In addition, China has also witnessed the swift emergence of localized Western fast-food brands due to market expansion efforts made by several food and beverage companies. This trend has somewhat diluted the competitive advantages of Western fast-food, which historically enjoyed a ‘Western food’ dividend in terms of market appeal. In contrast, Chinese-style fast food has gained greater popularity and has emerged as a more formidable challenger in the market. For instance, Hua Lai Shi already has over 20,000 main stores, highlighting the exceptional success of localized Western fast-food brands in the country.

That said, international players continue to lead the market. Indeed, three out of five top brands in China’s fast-food market are multinational companies: Yum! China (owning brands such as KFC, Pizza Hut, Taco Bell, etc.), McDonald’s Corp, and Restaurants Brand International (owning brands such as Burger King and Tim Hortons). These fast-food giants have achieved considerable success in the Chinese market owing to their established brand recognition and reliable product and service quality.

  • KFC, with over 9,000 restaurants in 1,100 cities across China, is the most dominant fast-food chain in the country. It has captured a significant share of the Chinese fast-food market with its strategic expansion and the popularity of its products. Its success in China is also attributed to the incorporation of local flavors into its menu and adapting its service to the local culture, including adopting mobile payment methods that are popular in China. The popularity of KFC has been further reinforced by its extensive marketing campaigns and sponsorship of high-profile events in China.
  • Burger King has been expanding rapidly in China, opening new locations across the country.
  • Starbucks has also been expanding its offerings beyond coffee to include more food options, such as pastries and sandwiches, in an effort to capture a larger share of the fast-food market.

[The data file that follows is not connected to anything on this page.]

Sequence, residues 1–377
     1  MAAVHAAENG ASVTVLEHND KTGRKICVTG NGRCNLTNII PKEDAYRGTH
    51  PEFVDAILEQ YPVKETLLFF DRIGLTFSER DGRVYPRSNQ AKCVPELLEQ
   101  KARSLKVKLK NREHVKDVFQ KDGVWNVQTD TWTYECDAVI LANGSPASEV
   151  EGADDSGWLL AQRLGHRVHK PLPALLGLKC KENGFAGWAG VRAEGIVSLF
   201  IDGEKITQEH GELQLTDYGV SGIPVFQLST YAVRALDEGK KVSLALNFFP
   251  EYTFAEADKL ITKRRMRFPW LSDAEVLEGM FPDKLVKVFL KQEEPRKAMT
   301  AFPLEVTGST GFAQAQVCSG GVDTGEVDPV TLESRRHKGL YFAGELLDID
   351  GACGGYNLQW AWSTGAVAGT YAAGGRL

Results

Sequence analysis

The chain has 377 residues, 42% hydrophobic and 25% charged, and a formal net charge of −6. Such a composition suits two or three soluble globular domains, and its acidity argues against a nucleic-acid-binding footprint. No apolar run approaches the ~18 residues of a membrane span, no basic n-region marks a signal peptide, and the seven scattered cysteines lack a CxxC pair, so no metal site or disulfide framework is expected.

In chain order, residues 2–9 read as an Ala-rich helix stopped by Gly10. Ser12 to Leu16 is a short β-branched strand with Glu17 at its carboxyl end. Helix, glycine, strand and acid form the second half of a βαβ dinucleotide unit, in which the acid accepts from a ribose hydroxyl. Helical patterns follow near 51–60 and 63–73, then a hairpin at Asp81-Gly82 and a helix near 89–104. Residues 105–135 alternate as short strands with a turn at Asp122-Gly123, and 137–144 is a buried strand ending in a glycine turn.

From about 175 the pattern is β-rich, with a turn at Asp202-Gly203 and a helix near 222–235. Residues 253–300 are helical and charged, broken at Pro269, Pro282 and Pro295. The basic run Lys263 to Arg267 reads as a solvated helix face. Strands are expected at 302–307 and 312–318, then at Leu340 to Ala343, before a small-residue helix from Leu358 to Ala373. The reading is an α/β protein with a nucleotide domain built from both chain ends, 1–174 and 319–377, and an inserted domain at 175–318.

As competition continues to intensify, companies are focusing on differentiating themselves through unique menu items, quality ingredients, and innovative technology to improve the customer experience.

Consumer preferences and behavior

In 2021, hamburgers emerged as a top contender in the Chinese fast-food market, particularly in the online ordering segment. They ranked third in popularity among the top 10 categories of online food and beverage orders in 2021, just behind milk tea and rice combo meals. Notably, domestic hamburger brands that cater to the lower-tier market and offer lower per capita prices are also experiencing rapid growth, with brands like Dicos, Pailahamburg, and Tasting Burger already boasting thousands of stores.

Furthermore, the boundaries between various culinary genres, such as main meals, fast food, Chinese cuisine, and Western cuisine, are gradually blurring, leading the catering industry to adopt a new era of integration. For example, Chinese brand Xi Bei has launched a new fast food sub-brand called Jia Guolong Wine-Air Buns, which offers a unique spin on traditional Chinese-style hamburgers by utilizing specialty buns from Tonglu, Zhejiang Province. Xi Bei, traditionally known for its main meal offerings, has been making inroads into the fast-food market in recent years. By introducing the easily standardizable ‘Chinese-style hamburger’ as a breakthrough point, they are poised for rapid replication and expansion in the fast-food market.